Hearing aids and implants

A GP can help you get hearing aids if you think you need them.

The earlier you get them, the more you'll get out of them – so do not wait until your hearing gets really bad before seeing a GP.

Benefits of hearing aids

Hearing aids will not make your hearing perfect, but they make sounds louder and clearer, reducing the impact hearing loss has on your life.

Hearing aids can:

  • help you hear everyday sounds such as the doorbell and phone
  • improve your ability to hear speech
  • make you feel more confident when talking to people and make it easier for you to follow conversations in different environments
  • help you to enjoy listening to music and the TV, at a volume that's comfortable for those around you

But hearing aids only help if you still have some hearing left, so do not put off getting help if your hearing is getting worse.

How to get hearing aids

See a GP if you're having problems with your hearing. They may refer you to a hearing specialist for an assessment if they think you might need a hearing aid.

If your specialist recommends hearing aids, talk to them about the different types available and which is best for you. You may be able to try a few types before choosing.

Some types may be available to use straight away. Others may need to be custom-made after your ear has been measured or a cast of your ear has been taken. These will usually be ready in a few weeks.

When your hearing aid is ready, it will be programmed to suit your level of hearing loss. You'll be shown how to use it and how to look after it.

Another appointment will be arranged for a few weeks later to check how things are going.

Types of hearing aids

A variety of hearing aids are available.

Types of hearing aids

Hearing aids on the NHS

Hearing aids are available on the NHS.

Your GP can refer you to an NHS hearing aid provider if they think you might need a hearing aid.

The benefits of getting a hearing aid on the NHS include:

  • hearing aids are provided for free as a long-term loan
  • batteries and repairs are free (there may be a charge if you lose or break your hearing aid and it needs to be replaced)
  • you do not have to pay for any follow-up appointments or aftercare

But while several modern hearing aids are available on the NHS, these are usually the BTE or, very occasionally, the RITE type. You may need to pay for private treatment if you want one of the other types.

The waiting time for getting a hearing aid on the NHS can sometimes be longer than the wait for private treatment.

Paying for hearing aids

If you do not mind paying for treatment, you can choose to go to a private hearing aid provider directly.

This may mean you can pick from a wider range of hearing aids, including the smaller, less visible models.

Not all hearing aids are suitable for everyone, but the hearing specialist (audiologist) will tell you which hearing aids are suitable within your budget.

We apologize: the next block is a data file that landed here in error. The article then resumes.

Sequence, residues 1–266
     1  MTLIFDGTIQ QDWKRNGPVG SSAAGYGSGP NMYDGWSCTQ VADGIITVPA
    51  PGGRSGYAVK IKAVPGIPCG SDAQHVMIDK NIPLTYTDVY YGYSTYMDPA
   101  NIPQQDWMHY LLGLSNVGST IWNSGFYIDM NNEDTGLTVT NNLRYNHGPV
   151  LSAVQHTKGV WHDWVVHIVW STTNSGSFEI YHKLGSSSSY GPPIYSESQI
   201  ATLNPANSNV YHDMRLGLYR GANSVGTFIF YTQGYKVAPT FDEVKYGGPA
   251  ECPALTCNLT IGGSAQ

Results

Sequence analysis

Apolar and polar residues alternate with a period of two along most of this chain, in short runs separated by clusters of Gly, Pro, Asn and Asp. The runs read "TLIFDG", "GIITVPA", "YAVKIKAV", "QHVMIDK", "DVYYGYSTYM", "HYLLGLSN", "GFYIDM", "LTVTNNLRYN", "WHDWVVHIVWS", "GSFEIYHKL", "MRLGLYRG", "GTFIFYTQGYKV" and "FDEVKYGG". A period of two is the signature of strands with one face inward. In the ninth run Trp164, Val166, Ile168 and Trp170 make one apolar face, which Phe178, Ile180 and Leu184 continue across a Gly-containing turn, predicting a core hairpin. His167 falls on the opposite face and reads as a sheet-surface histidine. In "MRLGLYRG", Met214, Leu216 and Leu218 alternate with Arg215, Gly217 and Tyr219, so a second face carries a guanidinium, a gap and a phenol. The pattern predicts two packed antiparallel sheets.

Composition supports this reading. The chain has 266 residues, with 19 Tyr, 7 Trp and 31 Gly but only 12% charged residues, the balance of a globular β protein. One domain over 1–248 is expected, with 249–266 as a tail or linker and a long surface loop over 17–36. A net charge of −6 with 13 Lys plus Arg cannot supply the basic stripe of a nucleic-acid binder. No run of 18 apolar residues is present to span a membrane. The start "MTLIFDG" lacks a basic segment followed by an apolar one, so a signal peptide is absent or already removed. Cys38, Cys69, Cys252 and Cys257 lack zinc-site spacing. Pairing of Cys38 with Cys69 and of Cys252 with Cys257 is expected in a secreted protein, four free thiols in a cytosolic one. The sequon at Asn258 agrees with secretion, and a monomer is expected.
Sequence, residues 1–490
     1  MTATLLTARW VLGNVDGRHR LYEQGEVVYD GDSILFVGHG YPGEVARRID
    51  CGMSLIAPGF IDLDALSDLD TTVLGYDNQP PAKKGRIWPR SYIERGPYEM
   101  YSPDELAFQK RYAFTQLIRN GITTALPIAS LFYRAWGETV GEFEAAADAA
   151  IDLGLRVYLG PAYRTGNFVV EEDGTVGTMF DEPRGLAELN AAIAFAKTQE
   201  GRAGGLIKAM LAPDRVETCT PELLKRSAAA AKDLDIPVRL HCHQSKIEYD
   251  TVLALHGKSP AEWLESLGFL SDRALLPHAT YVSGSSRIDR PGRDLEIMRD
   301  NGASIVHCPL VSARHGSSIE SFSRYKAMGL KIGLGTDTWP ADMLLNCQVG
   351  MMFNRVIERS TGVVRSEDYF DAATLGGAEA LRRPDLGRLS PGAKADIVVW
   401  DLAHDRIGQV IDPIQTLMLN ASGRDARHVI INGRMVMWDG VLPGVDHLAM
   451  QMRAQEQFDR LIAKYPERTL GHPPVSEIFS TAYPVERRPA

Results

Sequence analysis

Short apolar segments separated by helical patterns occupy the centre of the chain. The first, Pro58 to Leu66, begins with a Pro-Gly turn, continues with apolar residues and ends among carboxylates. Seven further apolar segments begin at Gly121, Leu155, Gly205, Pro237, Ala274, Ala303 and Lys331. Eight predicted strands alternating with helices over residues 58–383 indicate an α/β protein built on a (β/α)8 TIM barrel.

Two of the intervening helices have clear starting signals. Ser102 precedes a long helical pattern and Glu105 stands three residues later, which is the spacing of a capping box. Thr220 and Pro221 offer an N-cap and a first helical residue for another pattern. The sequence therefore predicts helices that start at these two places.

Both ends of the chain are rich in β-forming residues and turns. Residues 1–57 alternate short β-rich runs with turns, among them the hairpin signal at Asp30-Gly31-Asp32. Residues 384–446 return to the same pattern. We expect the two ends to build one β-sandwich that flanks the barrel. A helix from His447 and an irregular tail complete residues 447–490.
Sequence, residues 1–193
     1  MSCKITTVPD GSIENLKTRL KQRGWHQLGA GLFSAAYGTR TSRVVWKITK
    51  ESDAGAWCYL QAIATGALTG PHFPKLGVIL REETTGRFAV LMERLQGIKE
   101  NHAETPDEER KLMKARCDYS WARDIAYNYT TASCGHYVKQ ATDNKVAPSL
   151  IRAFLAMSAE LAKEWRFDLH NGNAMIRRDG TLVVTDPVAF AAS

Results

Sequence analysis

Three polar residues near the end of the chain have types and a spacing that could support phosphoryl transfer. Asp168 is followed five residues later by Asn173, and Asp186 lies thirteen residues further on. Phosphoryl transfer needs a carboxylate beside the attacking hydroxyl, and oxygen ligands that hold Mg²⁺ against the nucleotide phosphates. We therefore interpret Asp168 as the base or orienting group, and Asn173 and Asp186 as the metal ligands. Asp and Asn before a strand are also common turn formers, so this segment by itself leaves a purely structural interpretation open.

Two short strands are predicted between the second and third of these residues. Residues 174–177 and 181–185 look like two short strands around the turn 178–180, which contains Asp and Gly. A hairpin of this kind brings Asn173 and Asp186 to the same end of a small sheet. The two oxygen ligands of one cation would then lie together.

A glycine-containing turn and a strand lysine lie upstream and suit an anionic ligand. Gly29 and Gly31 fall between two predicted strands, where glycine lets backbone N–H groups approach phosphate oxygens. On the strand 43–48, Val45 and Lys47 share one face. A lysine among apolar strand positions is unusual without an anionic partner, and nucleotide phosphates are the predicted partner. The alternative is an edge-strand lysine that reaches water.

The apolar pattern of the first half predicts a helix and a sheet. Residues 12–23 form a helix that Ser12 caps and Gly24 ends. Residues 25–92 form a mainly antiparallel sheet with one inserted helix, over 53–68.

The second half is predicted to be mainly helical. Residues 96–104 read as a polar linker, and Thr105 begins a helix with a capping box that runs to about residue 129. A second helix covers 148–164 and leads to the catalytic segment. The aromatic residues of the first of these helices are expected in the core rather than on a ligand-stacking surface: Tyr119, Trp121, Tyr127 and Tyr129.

If you choose to pay for private treatment:

  • make sure you research typical costs of hearing aids and any aftercare – you can pay anything from £500 to £3,500 or more for a single hearing aid
  • shop around to see what types of hearing aid are available from different providers
  • consider the cost of batteries and if you can change them easily

Batteries, repairs and replacements

If you have an NHS hearing aid, you can get free batteries and repairs from the NHS hearing aid service who fitted your hearing aids.

Ask your audiologist about how to obtain batteries and request servicing and repairs.

You may need to come in for an appointment, or you may be able to send off for a battery or repair in the post.

Your local hearing aid service can also replace hearing aids that have been lost or damaged, although there may be a charge for this.

If you have a private hearing aid, contact your hearing aid provider if you need it repaired or replaced.

You may have to pay for this service if it's not already included in your payment plan.

Help and support if you wear hearing aids

Adjusting to hearing aids can be difficult at first. It may take a few weeks or months to get used to them.

You'll have follow-up appointments after they're fitted to check how things are going, but get in touch with your audiologist at any point if you're having problems.

Several hearing loss organisations can also provide help and support if you're adapting to hearing loss or life with a hearing aid.

RNID has information about local support services

Other organisations that can provide information and advice include:

Hearing implants

For some people, hearing aids do not help and instead they need to have a special device fitted inside or to their skull during an operation. These are known as hearing implants.

Common types of implant include bone anchored hearing aids, cochlear implants, auditory brainstem implants and middle ear implants.

Hearing implants

Assistive listening devices (ALDs)

There are many sorts of listening devices, other than hearing aids, to help boost your hearing in everyday situations in the home and out and about.

ALDs, which can be used with a hearing aid or on their own, include:

  • personal hearing loops, like neckloops, that allow you to hear music or phone calls directly through your hearing aid
  • personal communicators (or conversation listeners): portable devices to help hear over a long distance or in noisy places
  • TV amplifiers: devices that allow you to hear sound clearly through your hearing aid without needing to turn up the volume
  • smoke alarms appropriate for your level of hearing, such as vibrating devices

Your GP or hearing specialist will tell you about organisations that provide advice on obtaining ALDs, such as:

  • social services
  • fire service
  • government programmes such as Access to Work or Disabled Student Allowance